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Mouths Wide Shut

As a rule, the Senate discussions about nominees that did take place occurred in closed session until 1929, Ritchie says. "Reporters used to find out immediately what went on in the closed sessions." After a while senators realized they couldn't maintain secrecy, he says, and closed sessions became the exception.

What hasn't changed, Ritchie notes, is the fighting over judicial nominees, which dates to George Washington's presidency. Unhappy with a speech John Rutledge had given, the Senate denied him the position of chief justice.

There have been more than 500 Cabinet nominees, and fewer than 5 percent have been rejected, Ritchie says. There have been fewer than 200 Supreme Court nominations, and about 25 percent of those have been withdrawn or rejected.

"The Cabinet is perceived to be the president's creation and he should have his advisers. The Supreme Court is an independent branch and a lifetime appointment. They have always treated them in a different category. The acrimony today has intensified, but it's always been there."

* * *

It's hard to pin down exactly when the modern era of acrimony -- and the subsequent handling of nominees -- began, but conventional wisdom traces it back 18 years, to the experiences of the man now finishing a cracker as he answers the phone in his McLean home.

Robert Bork is straightforward, his deep voice even and measured. He declines an offer to call back. "It doesn't take that long to finish" his wafer, he insists.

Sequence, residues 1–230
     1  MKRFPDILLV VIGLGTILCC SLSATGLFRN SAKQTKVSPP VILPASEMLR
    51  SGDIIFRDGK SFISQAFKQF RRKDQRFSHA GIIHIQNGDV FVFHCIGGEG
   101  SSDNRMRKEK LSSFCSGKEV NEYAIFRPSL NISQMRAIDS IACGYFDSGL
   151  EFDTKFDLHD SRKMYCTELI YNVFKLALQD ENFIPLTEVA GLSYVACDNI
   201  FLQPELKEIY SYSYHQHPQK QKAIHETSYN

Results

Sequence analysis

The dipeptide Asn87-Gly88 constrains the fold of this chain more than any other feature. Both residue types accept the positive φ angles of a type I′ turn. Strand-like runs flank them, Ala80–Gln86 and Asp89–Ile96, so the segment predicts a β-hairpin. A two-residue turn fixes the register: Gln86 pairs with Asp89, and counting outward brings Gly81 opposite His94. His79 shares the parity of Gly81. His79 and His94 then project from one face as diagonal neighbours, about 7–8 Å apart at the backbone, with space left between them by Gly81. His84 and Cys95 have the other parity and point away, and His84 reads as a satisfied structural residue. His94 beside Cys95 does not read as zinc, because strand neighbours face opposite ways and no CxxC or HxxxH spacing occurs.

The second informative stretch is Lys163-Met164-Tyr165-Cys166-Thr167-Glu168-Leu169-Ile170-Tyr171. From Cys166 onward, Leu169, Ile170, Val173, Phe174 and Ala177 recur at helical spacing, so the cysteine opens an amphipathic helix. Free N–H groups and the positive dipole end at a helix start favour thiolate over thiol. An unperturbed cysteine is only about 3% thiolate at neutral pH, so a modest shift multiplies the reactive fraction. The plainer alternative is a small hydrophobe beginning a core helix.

This is the man to whom the expression "borked" can be traced. As the definition goes in some circles, it means to be smeared, unfairly attacked. But it would depend on which side of the ideological fence you stand when it comes to using that word.

"If borked means fulfilling your constitutional duty by protecting the rights and freedoms of the American people, then every senator should wear that as a badge of honor," says Stephanie Cutter, an aide to Sen. Edward M. Kennedy (D-Mass.), who fired off a speech on the Senate floor attacking Bork on issues such as abortion and civil rights.

Whatever your position, the strategies for getting a judge confirmed today, Bork and others speculate, is based on a simple formula: Look at Bork's confirmation process and do the opposite.

"Yes, it's true," Bork says. He had always been a conservative and outspoken judge with a long paper trail of controversial writings that could be pored over. It didn't help that at his hearings he came off as arrogant and distant.

John Roberts, though, may be well on his way to being "soutered." Where Bork was outspoken, David H. Souter, elevated to the Supreme Court in 1990, was reserved. So is Roberts. Where Bork left a paper trail, Souter had little to be read. Although Roberts's work as a lawyer in both the Reagan and George H.W. Bush administrations is well documented, he has a short record as a judge. (Citing attorney-client privilege, the White House has refused to release files from Roberts's time as a young attorney in the inspector general's office.)


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